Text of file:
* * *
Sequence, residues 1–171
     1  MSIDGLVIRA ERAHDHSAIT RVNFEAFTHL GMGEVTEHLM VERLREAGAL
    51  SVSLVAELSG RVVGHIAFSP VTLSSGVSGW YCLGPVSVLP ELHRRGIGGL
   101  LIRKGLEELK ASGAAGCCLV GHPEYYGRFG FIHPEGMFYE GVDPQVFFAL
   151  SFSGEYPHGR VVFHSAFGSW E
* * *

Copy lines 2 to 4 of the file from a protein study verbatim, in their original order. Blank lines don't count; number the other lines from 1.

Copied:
     1  MSIDGLVIRA ERAHDHSAIT RVNFEAFTHL GMGEVTEHLM VERLREAGAL
    51  SVSLVAELSG RVVGHIAFSP VTLSSGVSGW YCLGPVSVLP ELHRRGIGGL
   101  LIRKGLEELK ASGAAGCCLV GHPEYYGRFG FIHPEGMFYE GVDPQVFFAL